MAXINE ATTARD

ANGELA BULLOCH

BRIAN ENO

LIAM GILLICK

DAMIEN HIRST

IAN HOWARD

HANS KOTTER

PATRICK MIFSUD

IGNACIO MUV

RICHARD ROTH

JAVIER VIVAS

Afterminimalism

12th April - 17th May 2019

Curated by Norbert Francis Attard and Francesca Mangion
 

When Minimalism or minimalist art came to the fore in the USA in the 1960s, it was seen as a natural reaction to as the emotional excess that had become the hallmark of Abstract Expressionism in the postwar period.

Radically rejecting the painterly histrionics of the Expressionists, Minimalist artists sought the removal of metaphorical symbolism from their work, emptying painting and sculpture of its last vestiges of representation or rather, as Frank Stella would say about his paintings, “What you see is what you see.”

In 1966, Eccentric Abstraction, a group exhibition curated by Lucy Lippard at the Fischbach Gallery in NYC established the postminimal aesthetic. The term was coined later in 1971 by Robert Pincus-Witten in reference to works that were going against or beyond the aesthetic of minimalism. Pincus-Witten defines this progression as threefold- pictorial or sculptural, epistemological and ontological.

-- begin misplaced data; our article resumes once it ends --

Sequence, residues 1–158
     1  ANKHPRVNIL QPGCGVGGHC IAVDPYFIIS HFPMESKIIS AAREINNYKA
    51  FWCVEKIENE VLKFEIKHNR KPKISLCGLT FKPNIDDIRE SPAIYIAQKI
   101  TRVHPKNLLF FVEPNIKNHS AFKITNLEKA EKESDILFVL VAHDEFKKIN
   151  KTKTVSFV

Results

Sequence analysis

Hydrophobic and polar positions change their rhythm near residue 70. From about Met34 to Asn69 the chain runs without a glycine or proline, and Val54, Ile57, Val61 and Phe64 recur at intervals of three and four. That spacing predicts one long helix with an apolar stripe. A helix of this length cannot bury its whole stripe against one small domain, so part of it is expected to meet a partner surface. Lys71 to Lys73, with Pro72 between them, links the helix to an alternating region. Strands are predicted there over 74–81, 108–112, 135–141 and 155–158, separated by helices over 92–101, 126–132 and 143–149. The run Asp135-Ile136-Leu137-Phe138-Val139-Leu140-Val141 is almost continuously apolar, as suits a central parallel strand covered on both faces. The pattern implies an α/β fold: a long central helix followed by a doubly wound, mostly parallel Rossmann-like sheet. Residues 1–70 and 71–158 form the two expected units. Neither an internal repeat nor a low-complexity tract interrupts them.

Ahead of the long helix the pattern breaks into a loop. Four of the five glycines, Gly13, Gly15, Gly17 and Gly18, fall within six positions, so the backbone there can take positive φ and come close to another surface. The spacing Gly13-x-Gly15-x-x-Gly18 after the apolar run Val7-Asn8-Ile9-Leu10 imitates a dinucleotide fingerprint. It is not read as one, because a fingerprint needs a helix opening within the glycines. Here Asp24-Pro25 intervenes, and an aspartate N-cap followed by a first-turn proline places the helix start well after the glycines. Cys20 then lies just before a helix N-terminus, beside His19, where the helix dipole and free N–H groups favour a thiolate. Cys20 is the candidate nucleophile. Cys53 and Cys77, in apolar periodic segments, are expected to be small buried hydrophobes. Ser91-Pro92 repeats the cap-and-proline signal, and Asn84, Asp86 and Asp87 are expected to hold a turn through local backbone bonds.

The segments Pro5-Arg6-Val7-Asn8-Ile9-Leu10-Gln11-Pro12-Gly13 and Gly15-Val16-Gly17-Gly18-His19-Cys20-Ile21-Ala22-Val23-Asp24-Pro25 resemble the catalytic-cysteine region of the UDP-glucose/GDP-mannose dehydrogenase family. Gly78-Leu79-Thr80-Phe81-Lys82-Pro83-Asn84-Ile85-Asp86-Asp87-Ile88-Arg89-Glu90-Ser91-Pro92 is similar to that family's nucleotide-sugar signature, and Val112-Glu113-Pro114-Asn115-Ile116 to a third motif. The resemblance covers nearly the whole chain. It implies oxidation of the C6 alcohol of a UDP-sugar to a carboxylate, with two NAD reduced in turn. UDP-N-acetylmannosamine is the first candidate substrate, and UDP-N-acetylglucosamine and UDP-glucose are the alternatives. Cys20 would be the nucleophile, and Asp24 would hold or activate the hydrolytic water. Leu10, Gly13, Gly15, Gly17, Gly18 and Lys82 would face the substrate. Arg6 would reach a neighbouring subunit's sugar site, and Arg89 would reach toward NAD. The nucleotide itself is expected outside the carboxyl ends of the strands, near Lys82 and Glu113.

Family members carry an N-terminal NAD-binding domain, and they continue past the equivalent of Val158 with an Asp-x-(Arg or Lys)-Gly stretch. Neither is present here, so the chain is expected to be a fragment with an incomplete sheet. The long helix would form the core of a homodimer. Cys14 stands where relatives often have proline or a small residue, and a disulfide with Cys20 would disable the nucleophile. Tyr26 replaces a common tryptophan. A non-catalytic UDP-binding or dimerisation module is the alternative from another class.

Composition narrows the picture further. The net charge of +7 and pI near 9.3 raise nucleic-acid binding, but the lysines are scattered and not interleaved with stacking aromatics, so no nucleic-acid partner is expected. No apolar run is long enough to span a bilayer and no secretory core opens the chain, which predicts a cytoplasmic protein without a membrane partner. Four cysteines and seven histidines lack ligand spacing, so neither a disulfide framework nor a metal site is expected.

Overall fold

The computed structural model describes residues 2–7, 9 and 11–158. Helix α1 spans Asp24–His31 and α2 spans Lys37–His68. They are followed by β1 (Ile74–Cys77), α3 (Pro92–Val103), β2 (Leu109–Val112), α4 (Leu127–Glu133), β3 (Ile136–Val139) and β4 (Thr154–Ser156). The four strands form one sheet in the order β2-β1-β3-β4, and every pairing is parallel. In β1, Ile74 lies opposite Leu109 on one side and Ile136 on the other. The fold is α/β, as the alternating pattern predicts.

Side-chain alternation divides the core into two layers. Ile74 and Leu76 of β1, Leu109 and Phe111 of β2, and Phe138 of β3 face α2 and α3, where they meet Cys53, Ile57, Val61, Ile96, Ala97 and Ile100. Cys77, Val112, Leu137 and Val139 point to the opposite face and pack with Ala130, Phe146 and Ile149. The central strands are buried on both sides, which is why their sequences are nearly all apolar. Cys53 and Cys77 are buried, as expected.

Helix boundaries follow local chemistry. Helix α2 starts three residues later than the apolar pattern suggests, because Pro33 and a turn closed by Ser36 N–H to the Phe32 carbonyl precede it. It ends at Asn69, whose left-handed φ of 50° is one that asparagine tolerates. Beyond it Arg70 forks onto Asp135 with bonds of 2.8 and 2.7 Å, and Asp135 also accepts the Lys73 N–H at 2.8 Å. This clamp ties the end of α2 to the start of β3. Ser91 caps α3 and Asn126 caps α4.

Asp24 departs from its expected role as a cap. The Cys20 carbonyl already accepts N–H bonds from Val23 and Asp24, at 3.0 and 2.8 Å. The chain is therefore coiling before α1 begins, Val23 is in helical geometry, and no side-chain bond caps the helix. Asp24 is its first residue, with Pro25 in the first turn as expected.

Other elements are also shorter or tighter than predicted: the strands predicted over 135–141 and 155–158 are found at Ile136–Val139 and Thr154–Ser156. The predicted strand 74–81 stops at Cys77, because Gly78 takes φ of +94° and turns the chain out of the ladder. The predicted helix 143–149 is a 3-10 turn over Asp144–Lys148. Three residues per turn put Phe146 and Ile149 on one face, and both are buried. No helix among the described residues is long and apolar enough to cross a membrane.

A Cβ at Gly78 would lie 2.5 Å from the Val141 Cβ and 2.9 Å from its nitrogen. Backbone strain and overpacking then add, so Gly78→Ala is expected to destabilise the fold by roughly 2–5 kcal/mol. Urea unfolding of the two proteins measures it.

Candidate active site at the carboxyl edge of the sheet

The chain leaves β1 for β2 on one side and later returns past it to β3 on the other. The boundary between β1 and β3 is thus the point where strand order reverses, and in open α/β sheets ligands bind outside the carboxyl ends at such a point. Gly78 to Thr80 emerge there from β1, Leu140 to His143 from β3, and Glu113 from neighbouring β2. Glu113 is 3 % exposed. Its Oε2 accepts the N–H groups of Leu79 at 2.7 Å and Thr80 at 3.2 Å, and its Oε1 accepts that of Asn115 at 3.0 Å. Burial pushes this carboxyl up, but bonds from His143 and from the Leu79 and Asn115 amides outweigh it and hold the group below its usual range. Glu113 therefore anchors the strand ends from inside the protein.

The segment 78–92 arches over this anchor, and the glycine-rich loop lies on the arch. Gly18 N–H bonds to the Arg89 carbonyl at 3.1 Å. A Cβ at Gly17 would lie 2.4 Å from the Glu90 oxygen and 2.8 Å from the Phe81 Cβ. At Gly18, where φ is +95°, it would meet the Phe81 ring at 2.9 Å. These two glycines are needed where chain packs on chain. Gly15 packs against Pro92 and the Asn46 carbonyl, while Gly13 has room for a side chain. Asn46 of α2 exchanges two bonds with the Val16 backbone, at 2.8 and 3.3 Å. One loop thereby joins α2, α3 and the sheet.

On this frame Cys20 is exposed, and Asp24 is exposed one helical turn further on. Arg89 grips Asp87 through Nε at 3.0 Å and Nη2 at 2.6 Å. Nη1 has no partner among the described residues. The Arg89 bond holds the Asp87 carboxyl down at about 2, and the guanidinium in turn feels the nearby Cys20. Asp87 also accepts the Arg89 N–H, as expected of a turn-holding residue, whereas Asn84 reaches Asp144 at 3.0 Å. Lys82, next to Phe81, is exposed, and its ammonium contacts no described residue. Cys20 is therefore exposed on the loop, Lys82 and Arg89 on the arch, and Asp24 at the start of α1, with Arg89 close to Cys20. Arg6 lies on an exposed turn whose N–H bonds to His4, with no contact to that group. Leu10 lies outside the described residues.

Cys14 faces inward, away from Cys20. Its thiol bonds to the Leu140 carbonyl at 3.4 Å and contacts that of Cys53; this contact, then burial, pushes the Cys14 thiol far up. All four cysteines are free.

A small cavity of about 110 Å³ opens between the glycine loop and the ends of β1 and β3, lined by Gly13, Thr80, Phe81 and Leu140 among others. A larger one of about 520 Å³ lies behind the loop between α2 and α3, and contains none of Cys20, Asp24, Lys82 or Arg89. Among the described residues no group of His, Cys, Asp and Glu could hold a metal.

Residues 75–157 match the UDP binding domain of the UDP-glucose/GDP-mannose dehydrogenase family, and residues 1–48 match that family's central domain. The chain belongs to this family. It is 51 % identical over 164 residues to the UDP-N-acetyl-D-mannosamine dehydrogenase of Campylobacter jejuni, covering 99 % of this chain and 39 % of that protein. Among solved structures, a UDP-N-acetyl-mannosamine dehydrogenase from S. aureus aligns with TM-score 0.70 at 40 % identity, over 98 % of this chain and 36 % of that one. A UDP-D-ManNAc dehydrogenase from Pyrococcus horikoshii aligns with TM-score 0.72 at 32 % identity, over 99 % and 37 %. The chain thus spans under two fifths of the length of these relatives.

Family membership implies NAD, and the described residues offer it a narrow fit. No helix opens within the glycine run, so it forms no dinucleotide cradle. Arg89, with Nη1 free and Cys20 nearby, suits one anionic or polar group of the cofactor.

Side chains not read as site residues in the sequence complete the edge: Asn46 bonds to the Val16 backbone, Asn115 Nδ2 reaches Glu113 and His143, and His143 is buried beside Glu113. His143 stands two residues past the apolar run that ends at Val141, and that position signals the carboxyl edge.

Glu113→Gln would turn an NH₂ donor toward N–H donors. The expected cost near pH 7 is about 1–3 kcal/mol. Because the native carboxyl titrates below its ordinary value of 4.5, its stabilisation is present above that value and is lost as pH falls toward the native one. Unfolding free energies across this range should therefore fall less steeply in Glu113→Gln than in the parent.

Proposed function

Afterminimalism revisits minimalism, choosing to approach it from a methodological rather than a thematic perspective. The term ceases to be an American art current from the 1960s and emerges as an attribute, a common denominator that can be found in the work of artists from diverse periods but who incorporate or continue to work with these attributes.

Excerpt by Francesca Mangion



Francesca Mangion (b. 1987) lives and works in Malta. Mangion is an independent curator, artist and writer with an academic background in contemporary and modern theory. She writes regularly for art blogs and journals and her writing has also appeared in select Mousse publications, undo.net, The Art Markets and AQNB. In 2015 she co-founded and was curator at La Plage, a project space based in Paris. From 2017-2018, she was the gallery manager of Malta Contemporary Art in Valletta, Malta.

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